I know that many people will think that is a near impossibility. Many people think songwriting is a skill that only a few people are blessed with. Well I’ll let you into a little secret: For every great song even the best songwriter creates, there will likely be about ten really bad ones. No one is born a great song writer. It takes a lot of persistence, bloody mindedness and a bit of cheek.

Top Hat & Wand

A bit of cheek? What could I possibly mean? Well writing a song is a bit like learning a magic trick. Most people who learn how to do an illusion are usually a little disappointed that the explanation for how the trick is done is very simple. It’s the delivery that makes it astounding. Writing a song believe it or not is very similar. Have you ever learnt to play a song by your favourite artist and, once you’ve mastered it thought “Why couldn’t I have written something so simple?” The truth is that most people can and the following guidelines I hope will help you.

Three Chord Wonder: You may have heard this term before. Most of the early Beatles songs and many great hits consist of just three chords. The first stumbling block of anyone aspiring to write on an instrument is getting the tune together. Believe it or not it’s not necessarily about having an ear for music. There are some specific rules which, if you follow, will help you come up with a tune.

All chords follow some specific rules in that the notes that make up the chord will sit at specific places within the scale of that key. Many simple songs are made up of chords in the 1st position and then use the 4th and 5th. Take the chord of A to start a song. The next chord will be the 4th note in the scale which will be D and then the next on the 5th will be E. AD and E are a popular mix for the twelve bar blues. Below are some chords with their 4th and 5th position chords. I’ve chosen them because they are fairly easy to play on the uke.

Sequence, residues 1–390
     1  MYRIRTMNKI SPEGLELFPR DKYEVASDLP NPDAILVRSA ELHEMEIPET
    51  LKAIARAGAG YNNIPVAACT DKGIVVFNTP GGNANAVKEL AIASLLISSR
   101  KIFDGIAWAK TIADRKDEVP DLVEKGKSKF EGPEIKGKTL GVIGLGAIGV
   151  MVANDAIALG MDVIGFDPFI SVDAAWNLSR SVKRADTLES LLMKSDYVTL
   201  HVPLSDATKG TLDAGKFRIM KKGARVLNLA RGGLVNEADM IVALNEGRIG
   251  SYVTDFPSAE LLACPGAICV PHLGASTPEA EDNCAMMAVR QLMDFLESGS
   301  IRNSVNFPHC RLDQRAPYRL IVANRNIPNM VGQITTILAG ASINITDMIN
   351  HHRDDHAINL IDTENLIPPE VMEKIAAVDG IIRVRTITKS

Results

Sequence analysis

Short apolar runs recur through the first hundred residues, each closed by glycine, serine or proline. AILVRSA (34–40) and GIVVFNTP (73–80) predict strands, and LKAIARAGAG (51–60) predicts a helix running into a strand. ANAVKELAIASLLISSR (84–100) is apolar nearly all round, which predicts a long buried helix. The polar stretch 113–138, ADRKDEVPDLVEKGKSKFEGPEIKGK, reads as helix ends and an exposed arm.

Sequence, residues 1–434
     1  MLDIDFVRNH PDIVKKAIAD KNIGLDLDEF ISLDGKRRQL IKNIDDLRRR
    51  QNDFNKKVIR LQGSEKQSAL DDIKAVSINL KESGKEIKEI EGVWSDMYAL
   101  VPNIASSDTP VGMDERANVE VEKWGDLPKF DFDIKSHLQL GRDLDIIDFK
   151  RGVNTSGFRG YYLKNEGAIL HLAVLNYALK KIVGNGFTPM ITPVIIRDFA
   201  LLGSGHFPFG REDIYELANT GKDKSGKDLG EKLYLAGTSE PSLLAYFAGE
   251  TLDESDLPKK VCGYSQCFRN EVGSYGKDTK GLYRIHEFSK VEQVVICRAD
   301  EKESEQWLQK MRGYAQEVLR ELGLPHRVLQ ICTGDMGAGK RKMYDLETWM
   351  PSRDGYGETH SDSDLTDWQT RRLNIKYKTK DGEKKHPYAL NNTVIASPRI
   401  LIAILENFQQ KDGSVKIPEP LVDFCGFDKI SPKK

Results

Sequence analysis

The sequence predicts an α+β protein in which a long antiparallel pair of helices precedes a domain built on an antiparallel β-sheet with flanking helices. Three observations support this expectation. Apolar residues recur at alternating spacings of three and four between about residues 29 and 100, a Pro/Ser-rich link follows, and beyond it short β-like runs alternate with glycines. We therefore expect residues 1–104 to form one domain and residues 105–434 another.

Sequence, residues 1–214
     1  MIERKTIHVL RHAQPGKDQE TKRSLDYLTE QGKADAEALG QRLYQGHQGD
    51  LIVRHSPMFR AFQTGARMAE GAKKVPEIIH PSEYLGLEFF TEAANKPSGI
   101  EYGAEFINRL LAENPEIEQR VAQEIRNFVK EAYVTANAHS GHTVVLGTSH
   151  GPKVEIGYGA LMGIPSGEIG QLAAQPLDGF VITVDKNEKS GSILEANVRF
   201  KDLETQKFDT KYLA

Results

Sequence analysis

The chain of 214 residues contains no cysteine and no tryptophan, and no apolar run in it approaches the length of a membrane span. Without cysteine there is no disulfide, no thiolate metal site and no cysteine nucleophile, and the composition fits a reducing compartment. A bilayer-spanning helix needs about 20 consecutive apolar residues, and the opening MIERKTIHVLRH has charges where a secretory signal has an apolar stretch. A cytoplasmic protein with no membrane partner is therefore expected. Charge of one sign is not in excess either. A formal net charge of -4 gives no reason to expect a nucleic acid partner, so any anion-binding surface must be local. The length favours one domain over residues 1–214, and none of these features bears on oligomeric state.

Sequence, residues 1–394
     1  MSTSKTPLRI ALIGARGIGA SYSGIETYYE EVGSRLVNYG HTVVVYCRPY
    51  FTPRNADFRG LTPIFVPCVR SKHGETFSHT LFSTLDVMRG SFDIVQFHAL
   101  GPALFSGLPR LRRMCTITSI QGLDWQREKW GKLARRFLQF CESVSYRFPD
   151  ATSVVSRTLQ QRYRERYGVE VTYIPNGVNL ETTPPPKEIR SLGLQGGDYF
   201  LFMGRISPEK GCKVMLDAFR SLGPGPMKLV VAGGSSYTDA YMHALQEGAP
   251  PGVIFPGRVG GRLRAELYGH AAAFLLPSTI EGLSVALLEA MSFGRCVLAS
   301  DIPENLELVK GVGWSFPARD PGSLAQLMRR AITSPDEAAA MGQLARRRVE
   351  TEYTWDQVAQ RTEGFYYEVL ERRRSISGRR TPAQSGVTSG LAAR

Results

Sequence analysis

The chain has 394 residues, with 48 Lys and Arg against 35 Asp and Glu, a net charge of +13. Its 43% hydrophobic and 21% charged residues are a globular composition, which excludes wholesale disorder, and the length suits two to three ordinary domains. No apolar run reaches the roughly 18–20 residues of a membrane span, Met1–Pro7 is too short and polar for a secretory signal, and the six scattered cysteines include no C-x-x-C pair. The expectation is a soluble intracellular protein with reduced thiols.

A D E
C F G
D G A
E A B
G C D

Now depending on what kind of song you want to write, it’s always worth having a play with the many variations of those chords to give the uke song a bit of variation and make the listener think you really are the mutt’s nuts at song writing. A great way to do this is by playing a 7th chord rather than the basic version. That means playing, for instance C7, F7 and G7. Or you can just put in one 7th chord such as the G7. Take a look at the video below. It’s a cover of an old Hank Williams song. The chords are C F and G7 is immensely simple but very effective.